Judge’s stalling gives Dakota Access pipeline the advantage
This aerial photo shows a site where the final phase of the Dakota Access Pipeline will take place with boring equipment routing the pipeline underground and across Lake Oahe to connect with the existing pipeline in Emmons County, Monday, Feb. 13, 2017, in Cannon Ball, N.D. It is the last big section of the $3.8 billion pipeline, which would carry oil from North Dakota to Illinois. A federal judge on Monday refused to stop construction on the last stretch of the pipeline, which is progressing much faster than expected. | Tom Stromme/The Bismarck Tribune via AP

Federal Judge James Boasberg has done it again. In response to the request by the Standing Rock Sioux and the Cheyenne River Sioux Tribes for injunctive relief, to halt construction of the Dakota Access Pipeline (DAPL), this jurist said he will decide within a week if the injunction will be granted.

In the meantime, DAPL construction roars forward full steam ahead. This is the same judge who has twice previously denied injunctive relief to the tribes. Obviously, this does not look good. But I must harken back to what Bernie Sanders some months ago said: “No matter what the courts say, the pipeline must be stopped.”

While we ponder this question – which suggests that mass, militant public pressure will halt this potentially deadly oil project – we turn back to Judge Boasberg.  This latest time around, he told lawyers at the February 28 hearing that he wants to issue a ruling before the oil begins flowing through the pipeline. Earlier this month, Boasberg denied the tribes’ request for an immediate halt to the pipeline construction on the ground that as long as oil was not coursing through the pipeline there was no imminent harm to the tribes- hence no need for injunctive relief prior to that time. This latest ruling contradicts his earlier ruling.  At best he seems to be greatly confused. This is just more gobbledegook.  His rulings are at odds with each other.

As an attorney,  I can just about predict what is now taking place. The judge has already made up his mind to deny injunctive relief. He will now, within a week, produce a voluminous ruling to provide a legal foundation to the denial.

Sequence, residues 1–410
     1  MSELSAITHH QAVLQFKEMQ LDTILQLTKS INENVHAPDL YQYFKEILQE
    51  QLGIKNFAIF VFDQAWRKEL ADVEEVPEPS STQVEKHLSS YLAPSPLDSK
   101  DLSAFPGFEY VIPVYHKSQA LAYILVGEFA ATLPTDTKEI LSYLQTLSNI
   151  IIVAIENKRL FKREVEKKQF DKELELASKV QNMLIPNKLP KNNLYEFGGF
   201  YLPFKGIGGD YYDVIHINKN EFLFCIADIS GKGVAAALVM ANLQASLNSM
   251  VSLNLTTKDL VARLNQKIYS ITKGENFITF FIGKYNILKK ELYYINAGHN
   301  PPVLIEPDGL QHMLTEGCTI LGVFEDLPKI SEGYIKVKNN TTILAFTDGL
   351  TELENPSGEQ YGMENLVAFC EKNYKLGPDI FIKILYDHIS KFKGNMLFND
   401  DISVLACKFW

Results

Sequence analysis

This leads to my next point: the so-called rule of law, which in these kinds of cases is simply nonsense. There is no rule of law, simply the rule of man, and in most instances the white man, the judge, protecting the economic interests of the predatory, rapacious white plutocracy- the rule of the wealthy. The law in so many aspects is ambiguous. Legal support can be found to rule in favor of the personal bias of the judge.  Hence, we have conservative and liberal judges.

The law in the United States, as in all capitalist countries, is an instrument of class domination that protects private property and enforces social inequality and oppression. Boasberg is an enforcer of this oppressive state of affairs, but is doing a more slipshod job than most jurists it has been my experience to observe.

Soon, Boasberg will deny the injunction and the tribes will appeal, all the while DAPL construction crews working feverishly to finish their task. Tribal lawyers will try to make the equity argument while the matter winds its way through the appeals process.  DAPL attorneys will contend that the case is moot because the pipeline is completed. This is one scenario.

The other scenario is to fight this war in the streets and in other venues across the nation while still pursuing legal relief. We can do so while remembering that the courts are civic institutions that respond to the will of the people — even the court of bumbling Boasberg.


CONTRIBUTOR

Albert Bender
Albert Bender

Albert Bender is a Cherokee activist, historian, political columnist, and freelance reporter for Native and Non-Native publications. He was an organizer and delegate to the First and Second Intercontinental Indian Conferences held in Quito, Ecuador and Quetzaltenango, Guatemala. Recently, he has been an active participant and reporter in the Standing Rock struggle in North Dakota. He is an attorney and is currently writing a legal treatise on Native American sovereignty. He is also writing a book on the war crimes committed by the U.S. against the Maya people in the Guatemalan civil war of the late 20th century. He is also the recipient of several Eagle Awards by the Tennessee Native American Eagle Organization and a former Director of Native American Legal Departments and a Tribal Public Defender.

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